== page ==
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Energy Subsidies To Be Tripled By Government To Prop Up Inefficient Power Plants



A new report by the think tank Green Alliance [1] has found that this December’s ‘capacity market’ auction, aimed to guarantees winter power supply from energy companies, is likely to cost consumers a third more than last year.

In an effort to secure supply the government has expanded the size of the auction to ensure new large-scale gas plants (CCGTs) win contracts.

But this will not be money well spent: it will subsidise old, inefficient plants, rather than driving investment into the flexible technologies required as the UK modernises its energy system.

The National Infrastructure Commission concluded earlier this year that flexible energy technologies such as demand side response, energy storage and interconnection are ‘no regrets’ options, which could save consumers up to £8 billion by 2030.

Green Alliance argues that the way government policy is currently designed is hindering investment in these resources.

The report reveals two problems with the government’s current strategy:

  1. Flexibility is undervalued. To keep the lights on, the UK’s power system needs to flex in response to changing demand and supply. But government intervention via the capacity market gives long term contracts for the amount of generation, ignoring the question of how quickly it can respond to changing conditions.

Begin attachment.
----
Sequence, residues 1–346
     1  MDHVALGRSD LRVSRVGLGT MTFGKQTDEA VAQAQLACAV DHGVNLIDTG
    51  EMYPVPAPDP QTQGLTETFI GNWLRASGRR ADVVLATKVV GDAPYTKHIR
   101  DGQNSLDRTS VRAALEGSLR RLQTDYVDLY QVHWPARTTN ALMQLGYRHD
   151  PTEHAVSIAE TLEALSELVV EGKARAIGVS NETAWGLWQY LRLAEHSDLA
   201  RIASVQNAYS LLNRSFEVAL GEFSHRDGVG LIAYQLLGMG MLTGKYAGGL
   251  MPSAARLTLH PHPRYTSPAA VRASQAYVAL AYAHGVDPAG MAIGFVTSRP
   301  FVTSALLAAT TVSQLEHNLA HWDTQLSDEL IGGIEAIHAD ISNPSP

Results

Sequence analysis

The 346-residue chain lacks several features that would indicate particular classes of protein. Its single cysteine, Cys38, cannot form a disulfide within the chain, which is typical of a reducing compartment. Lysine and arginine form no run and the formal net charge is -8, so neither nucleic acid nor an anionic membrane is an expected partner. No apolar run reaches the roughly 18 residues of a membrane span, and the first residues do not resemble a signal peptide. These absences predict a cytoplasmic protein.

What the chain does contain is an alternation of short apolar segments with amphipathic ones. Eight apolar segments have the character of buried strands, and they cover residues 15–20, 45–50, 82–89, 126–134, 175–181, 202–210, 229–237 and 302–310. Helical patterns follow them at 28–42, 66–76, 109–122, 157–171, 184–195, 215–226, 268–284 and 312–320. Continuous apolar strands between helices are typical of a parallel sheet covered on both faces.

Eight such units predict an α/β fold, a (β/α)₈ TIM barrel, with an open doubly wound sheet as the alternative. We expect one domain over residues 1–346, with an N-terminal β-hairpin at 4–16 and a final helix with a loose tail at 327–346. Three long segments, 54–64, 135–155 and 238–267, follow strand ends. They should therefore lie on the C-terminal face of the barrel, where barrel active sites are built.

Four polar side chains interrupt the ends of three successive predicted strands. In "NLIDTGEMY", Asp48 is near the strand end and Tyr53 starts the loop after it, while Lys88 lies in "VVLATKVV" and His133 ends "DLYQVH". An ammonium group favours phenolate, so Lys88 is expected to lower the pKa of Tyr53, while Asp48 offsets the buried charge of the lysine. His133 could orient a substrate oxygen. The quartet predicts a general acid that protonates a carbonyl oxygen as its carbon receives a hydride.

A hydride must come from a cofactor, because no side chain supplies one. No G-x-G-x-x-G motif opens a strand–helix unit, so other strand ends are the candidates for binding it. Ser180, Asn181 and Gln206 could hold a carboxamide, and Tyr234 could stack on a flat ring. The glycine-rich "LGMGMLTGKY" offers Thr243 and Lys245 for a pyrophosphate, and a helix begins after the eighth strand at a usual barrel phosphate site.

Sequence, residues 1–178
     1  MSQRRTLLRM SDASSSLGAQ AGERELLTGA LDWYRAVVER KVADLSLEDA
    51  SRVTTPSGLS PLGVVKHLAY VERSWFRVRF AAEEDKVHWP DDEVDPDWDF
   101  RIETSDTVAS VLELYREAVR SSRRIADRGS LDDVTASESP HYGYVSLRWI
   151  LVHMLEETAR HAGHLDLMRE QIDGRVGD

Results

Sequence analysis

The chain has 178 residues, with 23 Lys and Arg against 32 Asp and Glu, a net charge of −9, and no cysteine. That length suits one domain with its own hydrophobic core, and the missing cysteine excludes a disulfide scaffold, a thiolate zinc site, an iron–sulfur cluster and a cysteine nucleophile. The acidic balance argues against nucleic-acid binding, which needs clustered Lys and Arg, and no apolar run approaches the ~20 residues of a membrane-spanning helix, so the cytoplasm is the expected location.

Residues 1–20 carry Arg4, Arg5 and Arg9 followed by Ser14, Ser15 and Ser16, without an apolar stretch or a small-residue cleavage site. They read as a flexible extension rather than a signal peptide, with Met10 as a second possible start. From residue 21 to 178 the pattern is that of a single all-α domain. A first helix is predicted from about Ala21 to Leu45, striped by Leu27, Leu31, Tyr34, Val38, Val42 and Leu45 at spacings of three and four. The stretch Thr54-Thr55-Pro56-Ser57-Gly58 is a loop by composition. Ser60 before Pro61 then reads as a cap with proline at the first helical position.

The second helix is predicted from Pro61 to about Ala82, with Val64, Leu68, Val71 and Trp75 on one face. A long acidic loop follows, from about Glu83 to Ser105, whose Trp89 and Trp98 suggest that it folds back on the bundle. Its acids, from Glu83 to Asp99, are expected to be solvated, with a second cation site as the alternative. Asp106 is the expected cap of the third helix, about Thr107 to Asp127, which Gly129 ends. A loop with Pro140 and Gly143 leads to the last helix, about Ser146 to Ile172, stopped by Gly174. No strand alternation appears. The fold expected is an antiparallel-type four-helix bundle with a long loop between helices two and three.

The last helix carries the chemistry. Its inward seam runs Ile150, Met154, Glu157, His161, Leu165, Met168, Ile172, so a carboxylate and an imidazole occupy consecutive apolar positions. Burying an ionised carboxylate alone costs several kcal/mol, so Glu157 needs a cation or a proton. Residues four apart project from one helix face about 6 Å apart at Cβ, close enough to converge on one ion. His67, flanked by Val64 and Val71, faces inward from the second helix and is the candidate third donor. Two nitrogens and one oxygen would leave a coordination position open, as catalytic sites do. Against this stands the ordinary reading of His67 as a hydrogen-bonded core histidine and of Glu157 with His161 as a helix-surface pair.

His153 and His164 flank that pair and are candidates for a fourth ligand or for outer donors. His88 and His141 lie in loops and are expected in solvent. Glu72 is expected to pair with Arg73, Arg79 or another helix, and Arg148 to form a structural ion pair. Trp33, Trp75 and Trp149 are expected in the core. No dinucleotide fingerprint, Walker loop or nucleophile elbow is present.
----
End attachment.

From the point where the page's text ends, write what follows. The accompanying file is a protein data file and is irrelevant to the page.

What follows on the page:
2. Technology focus is too narrow. The government’s preference for combined cycle gas turbines (CCGTs) is distorting the market and putting a high burden on consumers. Recent reforms to the capacity market mean that costs to consumers could rise threefold compared with the previous auction: to £2.6 billion in 2016, from £833 million in 2015.[2] And new CCGTs risk becoming stranded assets as carbon constraints begin to bite in 2030 and as they get out-competed by other technologies.

Green Alliance says that the capacity market’s remit should be expanded: as well as procuring a certain quantity of resources, the capacity market should differentiate based on the quality – i.e. the flexibility – of resources. Its analysis shows this would ensure the right amount and type of gas was bought, alongside newer, cheaper and lower carbon flexibility technologies. This would cut excessive ‘deadweight’ payments to power plants that don’t provide the necessary services.

Amy Mount, lead author of the study, said:

“Everyone seems to like the idea of a smart energy system, but current policy isn’t very smart. It is asking consumers to pay three times more than they did last year to old, inflexible power plants which won’t match what the power system really needs.”